96: A New Life

96: A New Life

From Chicken Soup for the Soul: Miracles Happen

A New Life

If you don’t know what’s meant by God, watch a forsythia branch or a lettuce leaf sprout.

~Martin H. Fischer

Fifty years old! Other women dread turning fifty, but I was joyful. I wanted to sing and dance and celebrate life. Fifty was my age, but I was really celebrating thirteen years of actual living.

The doctor had said, “You have cancer,” on my thirty-seventh birthday. I looked at Rick, my husband, who looked frightened. I reached out and took his hand. The doctor told us I had a grapefruit-size tumor. The doctor’s assistant scheduled appointments for me to see a radiation oncologist and chemo oncologist.

The doctor advised me to quit work. The store I managed was also a redemption center. It was dirty and involved physical labor. He said I couldn’t be in that environment since I would have a weakened immune system. I didn’t like this particular job, but when I accepted it we still had two teenaged children to support and the money was good. I was a workaholic. What was I going to do if I wasn’t working? I couldn’t just sit and do nothing. Little did I know this illness would eventually teach me to sit and relax.

Both oncologists told me the type of cancer I had was “unusual for someone as young as you, and a cancer we don’t know much about.” The prognosis wasn’t positive, but positives did result from the cancer.

One positive was realizing just how much Rick loved me. Prior to surgery, the doctor made me an appointment with a colostomy specialist. I didn’t want a bag hanging from my side. The thought of it upset me more than having cancer, treatment and surgery. Rick took my shoulders, looked directly into my eyes and said, “I don’t care if you have a colostomy. I don’t care about any scars you may have. I just want you with me.”

Another positive result is harder to explain. It was a rebirth. I had always been a perfectionist who had to control every aspect of my life. I was a take-charge, independent person. I never asked anyone for help nor did I expect help from anyone. I constantly worried, since no one can actually control everything. I was working, married and plugging along with day-to-day life. I was going through the motions more than actually living, but I didn’t realize it. I felt like I was constantly searching, but didn’t know what I was looking for.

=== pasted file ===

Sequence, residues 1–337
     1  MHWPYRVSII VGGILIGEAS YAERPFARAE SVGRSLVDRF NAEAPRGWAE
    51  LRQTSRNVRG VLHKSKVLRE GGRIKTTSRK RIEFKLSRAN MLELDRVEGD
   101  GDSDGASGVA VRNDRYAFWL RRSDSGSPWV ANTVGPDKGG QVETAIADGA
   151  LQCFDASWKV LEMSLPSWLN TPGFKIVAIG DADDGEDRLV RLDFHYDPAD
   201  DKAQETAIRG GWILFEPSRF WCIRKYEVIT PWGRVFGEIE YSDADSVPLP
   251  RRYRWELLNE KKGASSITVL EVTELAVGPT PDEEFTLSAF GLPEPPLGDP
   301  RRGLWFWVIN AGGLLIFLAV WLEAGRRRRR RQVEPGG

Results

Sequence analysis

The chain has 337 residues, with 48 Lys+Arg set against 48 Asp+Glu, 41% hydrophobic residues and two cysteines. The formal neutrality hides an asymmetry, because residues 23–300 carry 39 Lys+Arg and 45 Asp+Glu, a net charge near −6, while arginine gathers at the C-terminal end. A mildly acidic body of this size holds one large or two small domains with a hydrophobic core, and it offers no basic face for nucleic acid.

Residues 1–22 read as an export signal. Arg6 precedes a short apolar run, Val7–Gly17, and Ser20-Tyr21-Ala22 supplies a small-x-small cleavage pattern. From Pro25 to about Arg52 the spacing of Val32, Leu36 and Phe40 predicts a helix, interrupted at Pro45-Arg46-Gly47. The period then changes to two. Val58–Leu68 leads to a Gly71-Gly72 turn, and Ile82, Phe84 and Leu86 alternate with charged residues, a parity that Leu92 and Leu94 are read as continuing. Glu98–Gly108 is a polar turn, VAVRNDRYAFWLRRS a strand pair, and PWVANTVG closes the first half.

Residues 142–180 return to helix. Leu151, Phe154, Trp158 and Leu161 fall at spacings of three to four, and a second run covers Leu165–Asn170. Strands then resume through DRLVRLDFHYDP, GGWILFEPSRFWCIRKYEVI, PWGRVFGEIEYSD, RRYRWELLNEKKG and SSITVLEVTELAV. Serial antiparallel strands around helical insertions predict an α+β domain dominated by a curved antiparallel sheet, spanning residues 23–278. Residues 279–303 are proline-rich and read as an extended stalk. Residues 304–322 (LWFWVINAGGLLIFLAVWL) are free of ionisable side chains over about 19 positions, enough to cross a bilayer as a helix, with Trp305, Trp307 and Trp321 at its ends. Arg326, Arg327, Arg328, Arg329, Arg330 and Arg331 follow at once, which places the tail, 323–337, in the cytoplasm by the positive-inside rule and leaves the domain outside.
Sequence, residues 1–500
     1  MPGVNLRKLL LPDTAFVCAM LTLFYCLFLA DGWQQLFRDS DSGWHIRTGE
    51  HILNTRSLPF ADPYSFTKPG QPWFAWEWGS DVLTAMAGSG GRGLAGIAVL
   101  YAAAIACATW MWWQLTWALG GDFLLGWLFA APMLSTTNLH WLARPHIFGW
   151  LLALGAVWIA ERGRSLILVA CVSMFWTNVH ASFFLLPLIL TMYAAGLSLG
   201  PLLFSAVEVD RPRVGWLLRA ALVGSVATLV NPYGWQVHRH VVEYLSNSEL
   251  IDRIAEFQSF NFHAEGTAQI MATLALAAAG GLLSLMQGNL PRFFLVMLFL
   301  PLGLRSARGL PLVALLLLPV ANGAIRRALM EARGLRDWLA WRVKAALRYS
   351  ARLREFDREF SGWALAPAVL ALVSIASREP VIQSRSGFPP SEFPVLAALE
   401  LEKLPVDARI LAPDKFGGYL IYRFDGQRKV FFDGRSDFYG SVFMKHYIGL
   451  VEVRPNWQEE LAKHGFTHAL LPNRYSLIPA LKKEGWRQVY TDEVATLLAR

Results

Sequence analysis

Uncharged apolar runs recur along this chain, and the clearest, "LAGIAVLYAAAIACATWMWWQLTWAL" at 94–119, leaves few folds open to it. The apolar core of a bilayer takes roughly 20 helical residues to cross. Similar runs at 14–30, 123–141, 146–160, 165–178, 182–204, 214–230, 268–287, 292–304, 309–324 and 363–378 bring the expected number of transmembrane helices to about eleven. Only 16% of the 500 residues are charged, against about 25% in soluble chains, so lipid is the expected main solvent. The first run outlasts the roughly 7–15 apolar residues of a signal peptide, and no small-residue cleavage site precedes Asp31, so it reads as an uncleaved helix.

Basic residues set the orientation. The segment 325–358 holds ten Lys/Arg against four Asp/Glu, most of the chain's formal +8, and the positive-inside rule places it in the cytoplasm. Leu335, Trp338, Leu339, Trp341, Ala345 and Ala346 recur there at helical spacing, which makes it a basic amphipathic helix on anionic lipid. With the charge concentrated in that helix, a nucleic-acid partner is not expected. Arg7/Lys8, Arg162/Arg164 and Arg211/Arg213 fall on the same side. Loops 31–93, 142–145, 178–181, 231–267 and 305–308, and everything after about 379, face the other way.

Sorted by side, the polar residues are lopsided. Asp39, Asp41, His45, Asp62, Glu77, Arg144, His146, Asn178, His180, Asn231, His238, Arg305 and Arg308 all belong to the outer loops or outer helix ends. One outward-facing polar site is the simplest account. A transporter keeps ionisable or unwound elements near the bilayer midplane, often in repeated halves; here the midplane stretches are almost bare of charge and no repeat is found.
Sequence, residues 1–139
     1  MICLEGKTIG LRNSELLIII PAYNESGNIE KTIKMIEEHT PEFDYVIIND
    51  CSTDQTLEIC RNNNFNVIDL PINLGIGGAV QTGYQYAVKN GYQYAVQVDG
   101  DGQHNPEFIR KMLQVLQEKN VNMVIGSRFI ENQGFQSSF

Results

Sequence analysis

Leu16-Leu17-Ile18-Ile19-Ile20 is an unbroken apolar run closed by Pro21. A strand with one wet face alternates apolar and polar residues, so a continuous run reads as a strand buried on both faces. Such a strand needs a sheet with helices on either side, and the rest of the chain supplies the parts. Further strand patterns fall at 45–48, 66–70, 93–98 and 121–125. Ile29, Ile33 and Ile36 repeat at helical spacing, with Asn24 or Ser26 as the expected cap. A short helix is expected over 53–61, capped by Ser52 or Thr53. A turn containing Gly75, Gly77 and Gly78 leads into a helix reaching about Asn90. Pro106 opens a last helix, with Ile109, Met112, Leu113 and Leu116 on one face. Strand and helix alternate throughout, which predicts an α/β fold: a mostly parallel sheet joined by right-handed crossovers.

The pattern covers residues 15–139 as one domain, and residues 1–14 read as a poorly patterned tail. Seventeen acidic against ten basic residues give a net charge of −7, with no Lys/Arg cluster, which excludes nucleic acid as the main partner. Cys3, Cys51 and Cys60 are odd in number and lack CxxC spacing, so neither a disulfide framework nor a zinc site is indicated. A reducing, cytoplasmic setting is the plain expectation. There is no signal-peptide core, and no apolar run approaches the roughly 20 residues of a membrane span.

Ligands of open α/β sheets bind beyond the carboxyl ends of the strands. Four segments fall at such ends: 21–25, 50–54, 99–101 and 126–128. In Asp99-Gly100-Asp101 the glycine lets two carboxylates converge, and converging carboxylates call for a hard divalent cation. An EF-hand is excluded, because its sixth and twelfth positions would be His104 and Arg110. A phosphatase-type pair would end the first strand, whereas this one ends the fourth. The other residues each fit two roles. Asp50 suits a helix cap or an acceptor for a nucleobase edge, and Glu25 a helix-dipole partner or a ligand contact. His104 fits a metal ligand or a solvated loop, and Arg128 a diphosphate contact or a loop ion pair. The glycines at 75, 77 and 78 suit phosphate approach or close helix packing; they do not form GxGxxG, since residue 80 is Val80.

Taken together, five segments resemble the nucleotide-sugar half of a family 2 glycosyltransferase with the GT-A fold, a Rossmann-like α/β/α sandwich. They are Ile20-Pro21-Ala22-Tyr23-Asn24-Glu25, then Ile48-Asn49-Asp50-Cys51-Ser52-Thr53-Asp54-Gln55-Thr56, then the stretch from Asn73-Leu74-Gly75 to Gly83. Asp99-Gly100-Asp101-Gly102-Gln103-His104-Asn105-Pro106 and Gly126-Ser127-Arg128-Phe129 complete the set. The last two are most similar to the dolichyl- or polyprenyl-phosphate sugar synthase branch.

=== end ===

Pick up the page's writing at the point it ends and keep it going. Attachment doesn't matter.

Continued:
Rick planted flower seeds in a window box so I could see it from the couch. Neither of us had taken time to plant flowers before. After I saw green sprouts grow through the brown dirt, I began going outside every day to check their growth.

One sunny day I was home alone. I opened the front door, stepped out and stopped in my tracks. Beside our driveway stood a towering, full green tree. It looked so beautiful, I said, “Wow!” We had lived in this house five years, but I had been too busy, too preoccupied, to see this tree. It was exciting and fresh.

We began buying peanuts for a blue jay that appeared at our house. Perhaps he was always nearby, I just hadn’t noticed. Life became joy! Mentally and emotionally, I felt at peace and ready to face whatever came my way. I didn’t want to leave Rick but accepted the fact earthly death could be soon. Daily, I thanked God for opening my eyes to see and for opening my heart to feel pure joy. Feeling this new joy made my life complete. I no longer searched. All burdens were lifted from my soul. I had received a treasure, love and joy, which made life peaceful and beautiful.

I became weak. My weight dropped from 125 pounds to 99 pounds. As I lay on the couch too weak to move, I prayed to God, “Your will be done.” Sometimes I would add, “If it be your will, please just let me live to our tenth wedding anniversary.” It was eight months away.

It was difficult at times, but I made the best of the situation. I talked to the nurses and doctors in the oncologists’ offices as if making new friends. Due to the newfound joy inside me, I tried to have a smile for everyone. This baffled the nurses and doctors. I heard comments such as “You are always smiling.” It was said more like a question than a statement.

Prior to surgery, the doctor told Rick and my sister it would take about four hours. They became worried when four hours turned into five hours and then six hours. We discovered later the surgery took longer because the cancer had spread to the corner of my liver and lymph nodes of the liver and stomach.

The prognosis wasn’t good even after the chemo, radiation and surgery (no colostomy needed). The doctors all believed the cancer would reappear within a year, but it only took a short time.

Three weeks after surgery, I had a complication and was readmitted to the hospital. During this stay, a CAT scan showed four new metastases on the liver. The doctor wrote in his report, “Outlook for extended survival is not great in view of the progressive liver disease.”

Rick took me down south to see all our family members. We stopped to see sights along the way, and I held onto his arm to walk. The six weeks of traveling were full of love and laughter, but we both knew this might be our last adventure together.

Then, with no treatments or medications, the liver disease disappeared. It no longer showed on any tests. One of the oncologists began calling me “a walking miracle.”

Yes, I am fifty years old, and we celebrated our twenty-second wedding anniversary last month. I’ve had thirteen years of experiencing joy now. Despite gray hairs, wrinkles, scars and some flab, life is beautiful! I no longer simply live, no longer search, but see the beauty all around me.

~Sara Schafer

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